When Steve Rosenfield declared that he wanted to make people uncomfortable with his new photographic venture, he knew what he was getting into.  And he knew just how to do it. The What I Be Project doesn’t just defy taboo. It grabs taboo by the roots and hurls it at you, daring you to flinch.

The process is simple:

1. Talk to a person – a brave and willing participant.
2. Slowly draw out their insecurities, pain and deep-seated issues.
3. Summarize it all in a word or a short sentence.
4. Take a marker and scrawl it onto their skin. Make sure it stands out.
5. With bright lighting, crisp lines and a blank background, take a portrait. Display their faces openly and vulnerably.
6. Share their faces and words for the world to see.
7. Dare the audience to come face-to-face with things they’d rather not think about.
8. Afterwards, banish all judgements with the simple phrase: “I am not my ____”


What-I-Be-Project, Steve-Rosenfield, photography, Jews-of-NY, Yeshiva-University

© Steve Rosenfield: “I am not my gender.”
I have made a conscious decision to use the totality of my experience in order to help, encourage, and inspire others. Embracing myself for exactly who I am has been one of the hardest things I’ve ever had to do in my life.

The messages within these portraits have since become so diverse that it should resound with anyone who views the collection. In some way, we all find a part of ourselves in the people photographed. In the What I Be Project website, Rosenfield has listed more than 50 categories, from abuse, class and sexuality to race, depression and religion. He aims to lay these topics out on the table. Instead of pushing them to the margins of society, create conversation and address them face-to-face. Then, reinforce the truth that a person’s issues does not define them as a whole.

Take Dasha Sominski, 20 years of age, pictured below. She is a part of Jews of NY, a sub-collection of the What I Be Project. “I was NOT sleeping” is written on her forehead. In the portfolio, above her image are the words “I am not my molestation.”

What-I-Be-Project, Steve-Rosenfield, photography, Jews-of-NY, Yeshiva-University

© Steve Rosenfield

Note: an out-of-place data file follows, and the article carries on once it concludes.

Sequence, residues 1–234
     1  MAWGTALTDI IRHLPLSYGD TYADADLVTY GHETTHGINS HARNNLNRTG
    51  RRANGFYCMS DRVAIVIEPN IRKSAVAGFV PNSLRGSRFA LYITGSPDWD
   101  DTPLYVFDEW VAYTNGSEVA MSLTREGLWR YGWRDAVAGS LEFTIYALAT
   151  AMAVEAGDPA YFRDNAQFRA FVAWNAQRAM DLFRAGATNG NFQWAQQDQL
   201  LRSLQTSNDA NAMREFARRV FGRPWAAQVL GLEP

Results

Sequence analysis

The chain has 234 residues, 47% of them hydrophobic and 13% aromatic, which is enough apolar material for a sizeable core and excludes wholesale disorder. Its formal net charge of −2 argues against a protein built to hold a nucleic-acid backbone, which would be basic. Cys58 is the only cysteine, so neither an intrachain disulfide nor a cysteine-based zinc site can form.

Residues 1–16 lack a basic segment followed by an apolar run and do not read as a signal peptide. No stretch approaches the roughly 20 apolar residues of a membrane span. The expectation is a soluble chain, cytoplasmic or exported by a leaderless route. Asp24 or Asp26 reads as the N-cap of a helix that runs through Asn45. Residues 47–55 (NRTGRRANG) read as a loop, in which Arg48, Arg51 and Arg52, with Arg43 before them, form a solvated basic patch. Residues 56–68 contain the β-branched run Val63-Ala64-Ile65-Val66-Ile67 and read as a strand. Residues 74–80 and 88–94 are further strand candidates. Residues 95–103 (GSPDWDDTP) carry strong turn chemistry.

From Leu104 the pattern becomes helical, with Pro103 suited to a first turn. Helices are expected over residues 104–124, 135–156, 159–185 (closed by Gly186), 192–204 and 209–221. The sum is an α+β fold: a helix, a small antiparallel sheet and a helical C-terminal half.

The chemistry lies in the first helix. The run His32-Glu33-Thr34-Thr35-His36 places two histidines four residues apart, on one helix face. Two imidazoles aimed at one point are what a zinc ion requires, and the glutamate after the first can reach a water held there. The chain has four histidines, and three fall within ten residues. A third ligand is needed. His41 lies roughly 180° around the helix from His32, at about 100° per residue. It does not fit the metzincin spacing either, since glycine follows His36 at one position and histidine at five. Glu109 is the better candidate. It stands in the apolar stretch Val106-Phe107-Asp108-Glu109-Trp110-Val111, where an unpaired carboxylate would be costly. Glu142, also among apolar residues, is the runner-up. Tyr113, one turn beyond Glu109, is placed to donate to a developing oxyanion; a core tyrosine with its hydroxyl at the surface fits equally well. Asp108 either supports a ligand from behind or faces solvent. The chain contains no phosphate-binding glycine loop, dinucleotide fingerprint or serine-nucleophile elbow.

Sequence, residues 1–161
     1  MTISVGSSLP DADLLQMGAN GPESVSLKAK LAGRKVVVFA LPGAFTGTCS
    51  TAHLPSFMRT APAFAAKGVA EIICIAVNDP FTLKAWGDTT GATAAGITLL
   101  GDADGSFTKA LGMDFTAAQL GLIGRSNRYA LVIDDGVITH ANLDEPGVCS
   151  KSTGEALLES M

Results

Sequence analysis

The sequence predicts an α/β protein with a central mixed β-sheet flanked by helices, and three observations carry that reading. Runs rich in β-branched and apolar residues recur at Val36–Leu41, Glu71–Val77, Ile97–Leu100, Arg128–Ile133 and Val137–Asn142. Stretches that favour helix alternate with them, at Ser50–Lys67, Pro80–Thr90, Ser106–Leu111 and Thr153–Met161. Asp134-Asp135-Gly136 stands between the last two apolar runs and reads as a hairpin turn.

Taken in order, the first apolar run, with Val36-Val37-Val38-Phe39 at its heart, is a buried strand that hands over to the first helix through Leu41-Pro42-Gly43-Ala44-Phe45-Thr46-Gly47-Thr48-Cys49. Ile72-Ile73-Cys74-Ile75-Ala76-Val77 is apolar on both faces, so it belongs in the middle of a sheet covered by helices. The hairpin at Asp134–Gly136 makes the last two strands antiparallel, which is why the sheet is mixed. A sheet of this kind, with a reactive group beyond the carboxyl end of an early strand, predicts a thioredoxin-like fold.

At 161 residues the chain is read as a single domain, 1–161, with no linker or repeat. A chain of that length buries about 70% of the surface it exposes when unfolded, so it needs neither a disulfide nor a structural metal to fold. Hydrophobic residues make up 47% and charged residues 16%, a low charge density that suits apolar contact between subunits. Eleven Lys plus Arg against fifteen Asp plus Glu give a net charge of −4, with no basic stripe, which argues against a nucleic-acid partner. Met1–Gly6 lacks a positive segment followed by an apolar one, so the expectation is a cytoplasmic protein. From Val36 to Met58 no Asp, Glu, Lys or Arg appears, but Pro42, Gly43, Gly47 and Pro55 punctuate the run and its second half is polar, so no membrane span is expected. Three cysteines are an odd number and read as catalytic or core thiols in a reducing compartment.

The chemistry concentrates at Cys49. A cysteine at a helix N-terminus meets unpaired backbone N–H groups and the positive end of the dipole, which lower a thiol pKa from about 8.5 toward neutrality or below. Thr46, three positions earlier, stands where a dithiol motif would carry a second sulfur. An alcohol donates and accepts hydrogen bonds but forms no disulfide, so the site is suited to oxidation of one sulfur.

Dasha shares this: “To this day, being woken up by the gentle touch of the one I love will inevitably infuse me with disquiet and fear. I don’t harbor the hopes to forget, neither do I truly think that that would make things right. But today, I can trust myself enough to announce that no matter how compelling it may seem at times, this cannot possibly be the definitive element in my internal structure.”

What-I-Be-Project, Steve-Rosenfield, photography, Jews-of-NY, Yeshiva-University

© Steve Rosenfield: “I am not my anger.”
Those who know me, know that my anger towards them is purely out of self-defense. Think about the deeper meaning behind a person’s actions before labeling them.

Steve Rosenfield is incredibly grateful to every person who participates.

“Each person that takes part in the What I Be project is extremely courageous. The What I Be experience is cathartic and universally empowering, and each portrait is immortalized for the entire world to see.  Subjects are putting their insecurities out in the open, and exposing a side of themselves that nobody has seen before. By stating “I am not my_____ ,” they are claiming that they do in fact struggle with these issues, but it does not define who they are as a person. It is not aimed for people to say ‘You’re not fat,’ or ‘You don’t have love handles.’ It is to spread awareness on what people go through due to society’s paved roads. These are serious issues that some of us can live with, but most battle on a day to day basis.”

What-I-Be-Project, Steve-Rosenfield, photography, Jews-of-NY, Yeshiva-University

© Steve Rosenfield

Of course, a project such as this is bound to strike a nerve among some viewers. The image above, for example, is of Ben Faulding. He is a biracial Hasidic man living in Crown Heights. The term on his forehead is like the Yiddish counterpart for the n- word.

Rosenfield was slated to exhibit his work at Yeshiva University. But some time after planning began, the school decided to surrender its hosting duties, with this statement: “after close review and much discussion of this event with the student organizers, and taking the sensitivities of all of our students into consideration, we determined that a YU venue would not be able to showcase the project in its entirety.”

It is precisely this sensitivity Rosenfield hopes to challenge. The “Jews of NY” project where Ben Faulding is featured was in part spurred on by the University’s decision. There have been some surly comments by people online as well, which is to be expected.

What do you think? Should the University have exhibited the photos? Where would you draw the line?